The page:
Charleston business leaders share plans to boost King Street
CHARLESTON, S.C. (WCSC) - The Charleston Downtown Association is moving forward with plans it hopes will grow business along King Street while improving the shopping experience in the historic district.
This year, Charleston City Council voted to create a business improvement district and on Tuesday, city council will meet with the downtown association for a workshop.
Explore Charleston Vice President for Media and Innovation Doug Warner says the goal is to create a cohesive, safe and pleasant place to shop.
“What this does is it create a district where the property owners have said we are willing for you to lay an additional fee on our building so that we can enhance service, and that’s security, cleanliness, beautification, marketing, programming and more standardization,” Warner says.
He compared the district to a mall, where owners are a part of a community where they pay a bit more to benefit from regulations and perks to keep the common areas clean and safe.
City officials say there are 467 units in the district from Meeting Street to Line Street, and 55% of owners signed statements of support.
Roy Neil, who owns El Jefe Texican Cantina, is one of those supporters who sees this as an opportunity to better the area.
“We want to do everything we can to make it better. You know tax dollars go to supplement all the services that happen but they get stretched between Daniel Island and West Ashely and Downtown Charleston and other places,” Neal says.
Neal is part of the board for the King Street Alliance, a supplemental group of landowners who are working with the city on ways to help enhance the King Street experience.
“We might need help with security, we might need help with better lighting, we might need help with promotions for holiday things, to bring merchants more business. There are all kinds of things in this partnership that I think we can work out,” Neal says.
But not all owners think the district is a good idea. Some say they are already paying high hospitality taxes, sales taxes and property taxes.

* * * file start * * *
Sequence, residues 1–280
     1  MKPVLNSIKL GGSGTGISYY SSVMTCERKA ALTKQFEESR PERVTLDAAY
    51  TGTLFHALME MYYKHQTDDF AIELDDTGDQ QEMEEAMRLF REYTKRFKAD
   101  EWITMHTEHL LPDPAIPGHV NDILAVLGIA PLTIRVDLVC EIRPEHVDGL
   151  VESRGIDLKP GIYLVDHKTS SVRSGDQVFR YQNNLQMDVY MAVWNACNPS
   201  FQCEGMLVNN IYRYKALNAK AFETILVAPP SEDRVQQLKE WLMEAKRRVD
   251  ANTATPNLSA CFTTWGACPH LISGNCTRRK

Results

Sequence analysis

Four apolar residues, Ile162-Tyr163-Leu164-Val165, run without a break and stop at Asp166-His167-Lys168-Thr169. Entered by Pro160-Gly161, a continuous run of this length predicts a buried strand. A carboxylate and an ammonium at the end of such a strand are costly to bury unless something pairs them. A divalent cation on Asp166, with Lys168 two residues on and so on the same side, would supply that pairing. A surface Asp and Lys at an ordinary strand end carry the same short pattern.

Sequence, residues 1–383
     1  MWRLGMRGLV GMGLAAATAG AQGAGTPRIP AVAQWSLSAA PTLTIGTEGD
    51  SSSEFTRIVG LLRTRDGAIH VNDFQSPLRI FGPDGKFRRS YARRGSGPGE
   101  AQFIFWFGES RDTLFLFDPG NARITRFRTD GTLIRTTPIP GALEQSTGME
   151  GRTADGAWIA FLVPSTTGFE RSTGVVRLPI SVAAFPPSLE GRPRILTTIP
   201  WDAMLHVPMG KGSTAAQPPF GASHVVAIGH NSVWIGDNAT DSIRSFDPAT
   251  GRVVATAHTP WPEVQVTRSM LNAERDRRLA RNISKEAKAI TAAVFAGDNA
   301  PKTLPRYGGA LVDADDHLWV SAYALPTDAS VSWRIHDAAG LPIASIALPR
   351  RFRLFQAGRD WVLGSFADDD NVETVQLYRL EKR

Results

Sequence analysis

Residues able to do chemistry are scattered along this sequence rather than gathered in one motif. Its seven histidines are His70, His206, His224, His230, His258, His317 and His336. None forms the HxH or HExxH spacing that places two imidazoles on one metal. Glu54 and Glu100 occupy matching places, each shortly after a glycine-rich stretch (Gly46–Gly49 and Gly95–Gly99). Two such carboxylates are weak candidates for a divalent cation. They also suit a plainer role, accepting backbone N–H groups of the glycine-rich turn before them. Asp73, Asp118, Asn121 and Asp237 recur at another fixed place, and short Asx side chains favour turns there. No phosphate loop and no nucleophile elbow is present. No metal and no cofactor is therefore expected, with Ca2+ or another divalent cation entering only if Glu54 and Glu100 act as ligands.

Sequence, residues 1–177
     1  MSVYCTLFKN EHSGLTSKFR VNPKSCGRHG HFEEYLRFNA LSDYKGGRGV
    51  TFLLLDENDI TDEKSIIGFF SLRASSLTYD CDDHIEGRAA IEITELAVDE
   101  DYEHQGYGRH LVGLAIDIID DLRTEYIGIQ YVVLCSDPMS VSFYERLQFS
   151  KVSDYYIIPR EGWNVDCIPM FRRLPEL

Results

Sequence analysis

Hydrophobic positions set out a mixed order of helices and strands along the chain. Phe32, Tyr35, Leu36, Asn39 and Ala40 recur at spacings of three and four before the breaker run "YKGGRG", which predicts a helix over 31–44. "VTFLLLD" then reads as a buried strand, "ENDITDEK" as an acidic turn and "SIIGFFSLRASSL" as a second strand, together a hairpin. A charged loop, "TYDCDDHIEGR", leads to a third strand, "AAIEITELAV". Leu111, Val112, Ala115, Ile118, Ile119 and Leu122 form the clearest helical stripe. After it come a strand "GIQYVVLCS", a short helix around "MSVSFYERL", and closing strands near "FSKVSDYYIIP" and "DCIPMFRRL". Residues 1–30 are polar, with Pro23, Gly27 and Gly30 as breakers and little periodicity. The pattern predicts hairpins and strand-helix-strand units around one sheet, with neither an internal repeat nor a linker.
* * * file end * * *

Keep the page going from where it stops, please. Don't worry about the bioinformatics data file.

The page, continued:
Harris Cohen owns King Street Cookies. He has a location on King Street and in Mount Pleasant. He says he prefers his Mount Pleasant shop, and often people tell him they go there instead of the one on King Street.
Cohen also says he already pays high rent, a sales and hospitality tax and property tax.
“And that money is not being used to make the place safe and to make the place clean where people feel at home and safe,” Cohen says. “Why are they reaching into my pocket for even more money?”
Cohen says he does want to see work to remove graffiti, clean up trash, and help the homeless but that should be happening already. He also wants more police presence specifically on foot patrolling the area.
“Don’t come to me now asking for more money when you’re not using the money that we’re paying in taxes right now to make the place safe and we have seen the decline in the last seven years,” Cohen says.
Warner says 241 of the 647 properties will pay less than $500 in additional fees per year under the district. Funding for the district will start in the first quarter of 2023, and owners will pay a tax based on what their property is worth. Tuesday night’s meeting will work through some remaining details in the plan.
“The bid has already been voted and approved. This is really setting up the working relationship between the CDA, which will be the non-profit running the bid with the City of Charleston,” Warner says.
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